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England’s fightback expected: Bhuvi

Indian pacer says they tried their best but flat wicket made it easy for batsmen

After the epic victory at Lord’s Team India find themselves in a difficult position after the first two days of the Southampton Test, with a deficit of 544 runs and nine wickets in hand.

The first two days of the third Test have been extremely testing for the Indian bowlers, who have toiled hard on a very flat wicket without any assistance from the weather.

Bhuvneshwar Kumar, who sent down 37 overs in the innings for 101 runs and picked three wickets, said they were expecting a strong reply from the hosts after their defeat in the second Test.

“We were expecting such performance from England,” Bhuvi said of England’s first innings score of 569 for 7 dec. “After losing a match every team tries to come back stronger. The wicket was flat, which made it easy for their batsmen. It were two long day for us in the field but as a bowling unit we tried our best.”

One got the feeling that overall the line and length of the Indian pacers was not as immaculate as it was at Trent Bridge and Lord’s. Runs were leaked on the square of the wicket either side, suggesting they either bowled too wide outside the off-stump or strayed down the leg-side.

Bhuvi, however, said it was because the team was trying different strategies to get rid of the set batsmen in unhelpful conditions. “When Ballance and Cook and then Bell were batting, the situation demanded that we bowl on one side of the wicket because we needed to stop the flow of runs,” Bhuvi said.

“When nothing happened, we tried different strategies and that’s why the lines were different. Yes, at times it happened because we were tired as it was a long day in the field but on the whole, I don’t think we bowled badly.”

In what was another strategy from MS Dhoni, after lunch, he rotated his three pacers – Bhuvi, Mohammad Shami and Pankaj Singh – after every over. When asked if it hampered the bowlers’ rhythm, Bhuvi said, it actually helped them stay relatively fresher.

“I found it easy. Being on the field for so long and being a medium pacer, you get tired,” Bhuvi said. “All three of us were tired and so the skipper wanted us to take turns to bowl one-over each so that we stay in rhythm without getting tired,” he explained.

While the conditions suited the batsmen at the Ageas Bowl, India didn’t help their own cause in the field. Ravindra Jadeja dropped Alastair Cook (95) at second slip when he was on 15, Shikhar Dhawan put Jos Buttler (85) down at first slip on 23 and Dhoni fluffed a chance to stump the England debutant when he was on 59.

Asked about a bowler’s frustration when chances go begging like that, Bhuvi said it is better to give the fielders the confidence rather than chide them for their mistakes.

“In England it happens with every team that catches are dropped in the slips,” the pacer said, defending his team mates. “As a bowler you have to trust the fielders and you can’t ask for someone to be replaced if he drops a catch. All you can do is give them confidence and they will do better.”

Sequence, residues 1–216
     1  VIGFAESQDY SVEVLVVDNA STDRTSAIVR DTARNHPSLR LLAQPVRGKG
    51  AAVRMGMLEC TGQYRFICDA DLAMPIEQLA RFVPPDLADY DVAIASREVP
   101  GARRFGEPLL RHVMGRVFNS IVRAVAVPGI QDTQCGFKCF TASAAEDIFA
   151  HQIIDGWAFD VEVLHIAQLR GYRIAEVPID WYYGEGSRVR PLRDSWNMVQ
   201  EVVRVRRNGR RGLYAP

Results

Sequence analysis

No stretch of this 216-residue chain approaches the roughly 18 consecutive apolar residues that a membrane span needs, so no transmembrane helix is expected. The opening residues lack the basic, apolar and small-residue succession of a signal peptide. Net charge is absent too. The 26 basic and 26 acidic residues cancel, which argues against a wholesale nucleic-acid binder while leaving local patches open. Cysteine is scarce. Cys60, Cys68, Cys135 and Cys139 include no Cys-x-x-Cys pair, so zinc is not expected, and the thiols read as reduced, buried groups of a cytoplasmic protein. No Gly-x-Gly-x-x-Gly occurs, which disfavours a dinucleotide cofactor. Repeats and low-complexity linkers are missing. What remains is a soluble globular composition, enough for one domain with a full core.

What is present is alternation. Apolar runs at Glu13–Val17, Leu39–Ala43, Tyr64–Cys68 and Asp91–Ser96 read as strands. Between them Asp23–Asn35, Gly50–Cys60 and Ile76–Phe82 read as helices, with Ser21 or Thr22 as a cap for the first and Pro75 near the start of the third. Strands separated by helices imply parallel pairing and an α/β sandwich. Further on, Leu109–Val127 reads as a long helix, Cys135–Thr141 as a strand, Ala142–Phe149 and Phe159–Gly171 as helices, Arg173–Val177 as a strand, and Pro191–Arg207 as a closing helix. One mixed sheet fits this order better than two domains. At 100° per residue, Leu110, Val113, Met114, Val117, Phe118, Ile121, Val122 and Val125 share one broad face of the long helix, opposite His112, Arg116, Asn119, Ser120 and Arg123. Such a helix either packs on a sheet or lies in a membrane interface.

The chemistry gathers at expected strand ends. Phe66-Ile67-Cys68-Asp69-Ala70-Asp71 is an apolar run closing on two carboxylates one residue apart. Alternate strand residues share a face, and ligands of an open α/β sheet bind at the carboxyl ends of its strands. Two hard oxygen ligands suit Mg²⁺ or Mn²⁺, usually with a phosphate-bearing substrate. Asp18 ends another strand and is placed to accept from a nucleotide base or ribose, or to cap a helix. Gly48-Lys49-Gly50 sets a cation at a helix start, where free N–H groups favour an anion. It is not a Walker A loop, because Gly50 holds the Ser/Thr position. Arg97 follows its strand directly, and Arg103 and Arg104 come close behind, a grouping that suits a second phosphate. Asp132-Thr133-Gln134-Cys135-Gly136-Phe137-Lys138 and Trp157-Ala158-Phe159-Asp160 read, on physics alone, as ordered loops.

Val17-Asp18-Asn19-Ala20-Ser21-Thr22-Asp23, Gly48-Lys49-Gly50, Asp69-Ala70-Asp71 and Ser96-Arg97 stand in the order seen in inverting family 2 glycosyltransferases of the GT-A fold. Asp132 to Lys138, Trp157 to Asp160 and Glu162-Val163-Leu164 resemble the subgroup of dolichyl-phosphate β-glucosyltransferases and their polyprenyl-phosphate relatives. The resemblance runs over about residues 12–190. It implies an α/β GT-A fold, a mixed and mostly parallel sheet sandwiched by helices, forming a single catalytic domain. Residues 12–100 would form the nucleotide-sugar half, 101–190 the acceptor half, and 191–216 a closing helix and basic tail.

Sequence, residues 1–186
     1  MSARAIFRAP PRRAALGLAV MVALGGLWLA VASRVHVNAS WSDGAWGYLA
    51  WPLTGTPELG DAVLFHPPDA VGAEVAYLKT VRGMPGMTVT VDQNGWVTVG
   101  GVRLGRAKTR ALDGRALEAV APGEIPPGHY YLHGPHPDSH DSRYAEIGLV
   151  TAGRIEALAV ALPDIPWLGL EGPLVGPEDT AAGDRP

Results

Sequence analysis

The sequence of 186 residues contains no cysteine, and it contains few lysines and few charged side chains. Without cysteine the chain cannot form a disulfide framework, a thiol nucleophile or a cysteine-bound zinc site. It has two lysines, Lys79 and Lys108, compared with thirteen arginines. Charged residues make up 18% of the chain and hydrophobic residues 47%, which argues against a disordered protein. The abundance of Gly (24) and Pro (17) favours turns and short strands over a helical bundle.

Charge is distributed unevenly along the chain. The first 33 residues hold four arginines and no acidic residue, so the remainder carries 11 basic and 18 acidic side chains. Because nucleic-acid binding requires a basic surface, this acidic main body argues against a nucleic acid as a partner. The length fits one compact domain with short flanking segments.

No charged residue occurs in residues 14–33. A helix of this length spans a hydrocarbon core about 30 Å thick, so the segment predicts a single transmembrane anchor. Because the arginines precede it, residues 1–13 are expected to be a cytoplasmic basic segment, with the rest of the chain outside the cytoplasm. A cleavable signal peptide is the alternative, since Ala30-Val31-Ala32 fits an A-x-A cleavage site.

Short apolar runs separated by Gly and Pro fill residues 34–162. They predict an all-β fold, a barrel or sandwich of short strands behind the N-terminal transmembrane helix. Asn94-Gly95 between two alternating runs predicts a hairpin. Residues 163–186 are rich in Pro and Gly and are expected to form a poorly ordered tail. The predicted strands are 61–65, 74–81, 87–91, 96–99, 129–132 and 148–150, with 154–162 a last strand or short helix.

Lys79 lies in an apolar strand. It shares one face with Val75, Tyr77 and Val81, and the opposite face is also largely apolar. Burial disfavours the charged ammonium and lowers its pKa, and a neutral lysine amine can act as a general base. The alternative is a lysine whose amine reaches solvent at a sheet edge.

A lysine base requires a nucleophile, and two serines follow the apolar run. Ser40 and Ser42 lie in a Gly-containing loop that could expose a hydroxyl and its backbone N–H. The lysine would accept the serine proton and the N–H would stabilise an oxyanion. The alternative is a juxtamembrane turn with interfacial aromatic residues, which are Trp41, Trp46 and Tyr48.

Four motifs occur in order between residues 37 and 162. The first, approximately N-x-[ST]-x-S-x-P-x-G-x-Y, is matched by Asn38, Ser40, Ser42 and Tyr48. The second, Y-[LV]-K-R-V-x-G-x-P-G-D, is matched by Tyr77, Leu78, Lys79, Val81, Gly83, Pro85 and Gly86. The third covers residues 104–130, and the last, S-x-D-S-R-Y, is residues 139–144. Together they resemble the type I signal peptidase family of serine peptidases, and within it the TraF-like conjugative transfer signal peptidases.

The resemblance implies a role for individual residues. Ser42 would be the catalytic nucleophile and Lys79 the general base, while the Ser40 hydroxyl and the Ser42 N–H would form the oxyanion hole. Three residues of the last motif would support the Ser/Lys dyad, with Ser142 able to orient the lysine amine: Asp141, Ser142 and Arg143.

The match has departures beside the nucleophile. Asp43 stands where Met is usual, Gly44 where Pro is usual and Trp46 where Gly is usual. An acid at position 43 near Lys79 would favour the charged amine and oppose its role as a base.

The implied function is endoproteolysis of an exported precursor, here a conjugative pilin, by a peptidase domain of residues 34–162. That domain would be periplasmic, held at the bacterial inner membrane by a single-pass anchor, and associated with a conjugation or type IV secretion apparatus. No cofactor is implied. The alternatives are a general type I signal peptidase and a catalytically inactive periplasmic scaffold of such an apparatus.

One of the catches that went down was off the bowling of Pankaj Singh, who is playing his first Test. There was also a very close lbw shout off his bowling against Ian Bell that was turned down. Hence, despite bowling well, Pankaj’s went wicketless in his first Test innings.

Bhuvi said he has the confidence of the team. “We cannot do anything about the luck. Pankaj knows he bowled well and he is happy about that. We are happy that he did well on his debut. What was important was he followed the process well. Taking or not taking a wicket is not always in your hands but bowling well is.”

Shirin Sadikot

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Stats Highlights: Eng vs India, 3rd Test - Day 2

Ian Bell completes 7,000 Test runs, Buttler slams fifty

Ian Bell (167) made his third score in excess of 150 against India. He now shares the English record of most 150+ scores against India with Kevin Pietersen and Alastair Cook.

Ian Bell, on 99, completed his 7,000 Test runs. He became 11th Englishman to do so.

Gary Ballance (156) made his highest Test score, beating 110 also against India at Lord’s.

Jos Buttler’s strike-rate of 102.40 (85 off 83 balls) is the second highest for a debutant in an innings of 80 or more. Only Shikhar Dhawan managed a higher strike-rate: 107.47 (187 off 174 balls) vs Australia at Mohali in 2012-13.

Buttler’s innings is the highest by a wicketkeeper on Test debut against India, beating West Indies’ Desmond Lewis’ 81* at Georgetown in 1970-71.

England’s 569 for seven declared provided the 45th instance of a side scoring 500 against India in first innings of a Test. Only once have India managed to win a Test out of 44 previous instances. They suffered defeat on 21 occasions.

Incidentally it was 80th time that a total of 500 (or more) was made against India. England have accounted for most such instances (19), followed by West Indies (17) and Australia (14).

Pankaj Singh conceded 146 runs in 36 overs without taking a wicket. He now holds the dubious distinction of an Indian debutant conceding most runs in an innings without taking a wicket. Bapu Nadkarni held the previous record with 132 runs against New Zealand at Delhi in 1955-56.

In all Test history only one bowler- Australia’s Bryce McGain- has conceded more runs in an innings on Test debut without taking a wicket. McGain conceded 149 against South Africa at Cape Town in 2008-09.

Ravindra Jadeja conceded 21 runs in one over to hold the dubious record of an Indian conceding most runs in one over against England. Pankaj Singh joined him later!

Rajneesh Gupta

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